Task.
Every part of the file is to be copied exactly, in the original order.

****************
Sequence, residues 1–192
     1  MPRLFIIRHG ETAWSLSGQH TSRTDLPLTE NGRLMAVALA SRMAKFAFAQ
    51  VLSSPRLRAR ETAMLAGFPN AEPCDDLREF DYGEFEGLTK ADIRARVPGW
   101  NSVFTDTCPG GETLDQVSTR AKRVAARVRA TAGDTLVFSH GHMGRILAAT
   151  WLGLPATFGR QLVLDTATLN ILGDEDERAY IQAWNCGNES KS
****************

Sequence, residues 1–192
     1  MPRLFIIRHG ETAWSLSGQH TSRTDLPLTE NGRLMAVALA SRMAKFAFAQ
    51  VLSSPRLRAR ETAMLAGFPN AEPCDDLREF DYGEFEGLTK ADIRARVPGW
   101  NSVFTDTCPG GETLDQVSTR AKRVAARVRA TAGDTLVFSH GHMGRILAAT
   151  WLGLPATFGR QLVLDTATLN ILGDEDERAY IQAWNCGNES KS